UCLA climate scientist Daniel Swain, who tweets regularly about weather and climate said on Wednesday morning, “Everyone is so far beyond capacity right now, and there so much else going on, that I don’t think the collective bandwidth exists right now to process what it happening. I really do feel like we’re running a marathon at sprint pace right now. It is deeply exhausting.” And “Standard reporting/mapping procedures are essentially not capable of keeping pace with the unbelievable rates of spread now being observed on these fires – it is historically unprecedented.” The night before he had tweeted, “The wildfire situation in California and Oregon has now escalated to the point that I can no longer keep track of the countless massive, fast-moving, and potentially very dangerous fires.”
Pacific Gas and Electric, the utility company responsible for horrific fires in previous years, including the one that completely destroyed the town of Paradise in 2018, has been deploying its new strategy of cutting off electricity to prevent its poorly maintained equipment from starting fires in hot, dry, windy conditions. This prompted local public news station KQED to run a story with the headline, “How to Prepare for Power Shutoffs During a Heat Wave and a Pandemic.” The pandemic made us move a lot of life outdoors, but the fires create air so bad that staying indoors is safer. There we check the AQI, the air quality index, or follow the fires online. Of course for the homeless and the displaced, indoors is not so easy to come by, and during a pandemic providing emergency shelter is a far more complicated business.
Some of the people facing evacuation or worse in the Oroville-area fire resettled there after their homes in Paradise burned down. In Sonoma County people who had to evacuate in previous years are prepared to evacuate again. Californians have loved their landscapes and many of us chose to live as close to wild places as we could; insurance costs and fire danger may take that option off the table for many of us; and cities are right now the safest place to be. Some small rural communities have burned up. A farmer whose produce I have been buying for perhaps 15 years lost his buildings, including his home, and equipment on the Santa Cruz coast. His crops survived, but when I went to his booth Sunday he was hunched and avoiding eye contact, clearly stricken. The toll takes many forms from loss of life to loss of homes and communities to displacement and disruption to, even for those who are not technically impacted, the dread and dismay of living in this whole new hell.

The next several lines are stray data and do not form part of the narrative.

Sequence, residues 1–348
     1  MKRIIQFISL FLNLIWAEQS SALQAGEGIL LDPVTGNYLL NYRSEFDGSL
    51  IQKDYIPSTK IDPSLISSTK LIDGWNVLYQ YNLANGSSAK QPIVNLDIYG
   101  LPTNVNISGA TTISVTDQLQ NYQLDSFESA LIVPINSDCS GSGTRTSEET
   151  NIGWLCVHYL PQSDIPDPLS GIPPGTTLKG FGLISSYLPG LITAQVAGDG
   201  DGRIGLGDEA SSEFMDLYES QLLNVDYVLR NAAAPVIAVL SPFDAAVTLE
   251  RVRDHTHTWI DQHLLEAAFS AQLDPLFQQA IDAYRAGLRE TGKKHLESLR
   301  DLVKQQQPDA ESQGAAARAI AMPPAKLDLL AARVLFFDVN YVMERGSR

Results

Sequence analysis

It was 10 years ago now that Bill McKibben published a book titled Eaarth: Making a Life on a Tough New Planet. To try to explain the enormity and peril of climate change, he described the transition as though we had landed on a chaotic, hostile new planet he dubbed Eaarth. This week, with snow throughout the intermountain west fast on the heels of a wave of record-breaking heat, firestorms up and down the west coast sending huge smoke plumes across state and national borders, and a hurricane-force windstorm knocking down thousands of trees in Salt Lake City, I have thought of his book and its premise often.
An aerial photograph today would show California and Oregon mostly smothered under smoke, but politically, along with Washington, we are the blue wall of the United States, the solidly democratic region where state policy recognizes and responds to climate change. From here, under the dark orange sky, I hope that all this leads to a dramatic escalation in climate action, regionally, nationally, and internationally. It’s the only thing that can help on the scale that help is needed.
Rebecca Solnit is a US Guardian columnist. She is also the author of Men Explain Things to Me and The Mother of All Questions. Her most recent book is Whose Story Is This? Old Conflicts, New Chapters
10 September 2020